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Research on clay formation could have implications for how to search for life on Mars



The Wdowiak Ridge on Mars as seen by NASA's Mars Exploration Rover Opportunity. Credit: NASA / JPL-Caltech / Cornell Univ./Arizona State Univ.
    

Today Mars has only a thin atmosphere, and its surface is very dry with the possible exception of some localized and temporary water seeps. However, ancient eroded valley that was discovered by orbiting spacecraft in the early days of exploration proves that water flowed across the surface in the remote past.
                                


The branching nature of the oldest valleys, which have many tributaries, shows that the water was most likely supplied by rainfall. This means the surface was very likely habitable for life back then.

When clay minerals were detected from orbit and subsequently confirmed by surface rocks, it was taken as further evidence that Mars had a wet surface environment, hospitable to life. This is because when most rocky minerals weather away under humid conditions they rotate to form various kinds of clay.

Clay minerals can not be found in the microscopic crystalline structure. Clays are found virtually nowhere on the net planet except in Mars's most ancient terrains, dating back to an epoch about 3.7-4.1

billion years ago, called the Noachian.

Understanding these martian clays is difficult, because they can be seen only sparsely across the surface. Some of the detected clays are in bedrock that have been exposed by erosion, others have been downstream from such sources by the Noachian rivers.

Branching tributaries with ancient valleys seen in a 120km wide region of Mars. Google Earth . Credit: ESA / DLR / FU Berlin
    

On Earth, clay forms by weathering of mineral grains chemically attacked by water. Most scientists believe that a similar process took place on Mars during its wet, Noachian period. However, some researchers have suggested that most of the detected clay was not formed in this way at all. They argue that it was prior to that, while warm water was circulating through the bedrock in response to nearby volcanic and intrusive activity.

Heat and steam from the magma ocean

Now a new study by a group from Brown University, Rhode Island, published in Nature, further challenges the idea that clay on Mars formed just like that on Earth. The team has done experiments suggesting that the origin of most of Mars's clays was even earlier . They considered the likely conditions on the hot, infant Mars, 4.5 billion years ago. At that time, the primordial magma ocean that once covered the planet was still cooling, and the first crystals had floated to the surface to grow Mars's original "primary crust".

At this time, Mars very likely had a hot and steamy atmosphere, which was still degassing from inside the planet and had not yet had a chance to escape to space. Conditions would have been perfect to make chemical reactions between the atmosphere and the minerals within the warmth and porous top of the crust.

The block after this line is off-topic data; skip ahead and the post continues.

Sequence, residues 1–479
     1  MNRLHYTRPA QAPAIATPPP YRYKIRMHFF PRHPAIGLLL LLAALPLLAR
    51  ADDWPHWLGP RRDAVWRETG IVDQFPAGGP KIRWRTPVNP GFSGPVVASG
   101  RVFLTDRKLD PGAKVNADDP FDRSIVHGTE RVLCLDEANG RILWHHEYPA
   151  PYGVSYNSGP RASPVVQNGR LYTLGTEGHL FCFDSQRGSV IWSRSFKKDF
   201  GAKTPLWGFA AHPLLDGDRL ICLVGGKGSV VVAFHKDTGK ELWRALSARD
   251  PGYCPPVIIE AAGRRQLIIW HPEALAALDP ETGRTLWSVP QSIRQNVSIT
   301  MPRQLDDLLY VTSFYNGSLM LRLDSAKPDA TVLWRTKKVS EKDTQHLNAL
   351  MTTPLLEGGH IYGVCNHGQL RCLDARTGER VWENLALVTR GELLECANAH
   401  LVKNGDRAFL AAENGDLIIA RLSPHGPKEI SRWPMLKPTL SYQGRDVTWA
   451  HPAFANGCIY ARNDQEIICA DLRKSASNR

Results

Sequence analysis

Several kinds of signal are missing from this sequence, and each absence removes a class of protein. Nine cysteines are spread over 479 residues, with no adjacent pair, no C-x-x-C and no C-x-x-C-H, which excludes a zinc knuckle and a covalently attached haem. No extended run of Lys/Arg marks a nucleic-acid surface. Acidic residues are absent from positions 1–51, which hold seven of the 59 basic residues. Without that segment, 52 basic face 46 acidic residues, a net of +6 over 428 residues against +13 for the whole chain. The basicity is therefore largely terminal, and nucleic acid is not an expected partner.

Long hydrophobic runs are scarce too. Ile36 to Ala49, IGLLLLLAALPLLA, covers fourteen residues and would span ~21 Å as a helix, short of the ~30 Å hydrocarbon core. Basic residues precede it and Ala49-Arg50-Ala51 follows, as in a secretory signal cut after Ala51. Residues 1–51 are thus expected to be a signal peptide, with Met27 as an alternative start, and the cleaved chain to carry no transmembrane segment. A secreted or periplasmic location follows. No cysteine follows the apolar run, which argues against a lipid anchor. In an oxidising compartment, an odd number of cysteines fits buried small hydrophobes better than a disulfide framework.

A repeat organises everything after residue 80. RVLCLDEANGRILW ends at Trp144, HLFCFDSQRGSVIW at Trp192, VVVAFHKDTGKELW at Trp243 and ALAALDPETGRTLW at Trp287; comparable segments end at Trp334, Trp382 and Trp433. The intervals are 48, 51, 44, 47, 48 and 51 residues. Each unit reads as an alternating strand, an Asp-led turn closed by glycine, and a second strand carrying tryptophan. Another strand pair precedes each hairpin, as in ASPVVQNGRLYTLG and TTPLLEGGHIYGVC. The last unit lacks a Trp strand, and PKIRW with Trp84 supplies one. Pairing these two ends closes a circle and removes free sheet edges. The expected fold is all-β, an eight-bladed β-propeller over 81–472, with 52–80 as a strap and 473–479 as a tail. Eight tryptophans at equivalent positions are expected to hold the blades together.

Research on clay formation could have implications to how to search for life on Mars
Artist's impression of very early Mars, with a steamy carbon dioxide-rich atmosphere above the surface of a cooling magma ocean. Credit: David A Rothery, Author provided
    

The team suggests that such clay formation would have pervaded a layer up to 10km thick. This, they say, was subsequently buried by material spread across the surface by asteroid and by lava from volcanic eruptions. Surface traces of clay are rare today, because they depend on the buried layer having been re-exposed by later, smaller, or erosional processes that have acted locally to strip away the cover.

Not like Earth?

The evidence for flowing water in the Noachian is robust, and has not been undermined. However, if the new study is right, Mars may not have experienced a prolonged period when the surface conditions were right for clays to be made by weathering under humid, Earth-like, conditions.

The next Mars landers, NASA's Mars 2020 and ESA's ExoMars 2020, are both targeted at sites where clays have been detected. That's precisely because of these may sites where Earth-like habitable conditions formerly prevailed, and may have once hosted microbial life just like Earth.

20km wide image showing the Jezero crater, a candidate landing site for NASA's Mars 2020 mission. Areas of clay minerals appear green. Credit: NASA / JPL-Caltech / MSSS / JHU-APL
    

On the balance of probabilities, these are still good places to look for traces of ancient microbial life. The new research suggests ancient life is unlikely to be found where the clays originally formed by chemical reactions with the atmosphere – it does not rule out habitability at the sites where clays have been deposited. Yet, one link in the chain of logic may have been at least partially severed.
                                                                


Explore further:
                                        Clay minerals on Mars may have formed in primordial steam bath
                                    

Provided by:
                                                                                                            The Conversation
                                                        

                                                        
                                                                                                    


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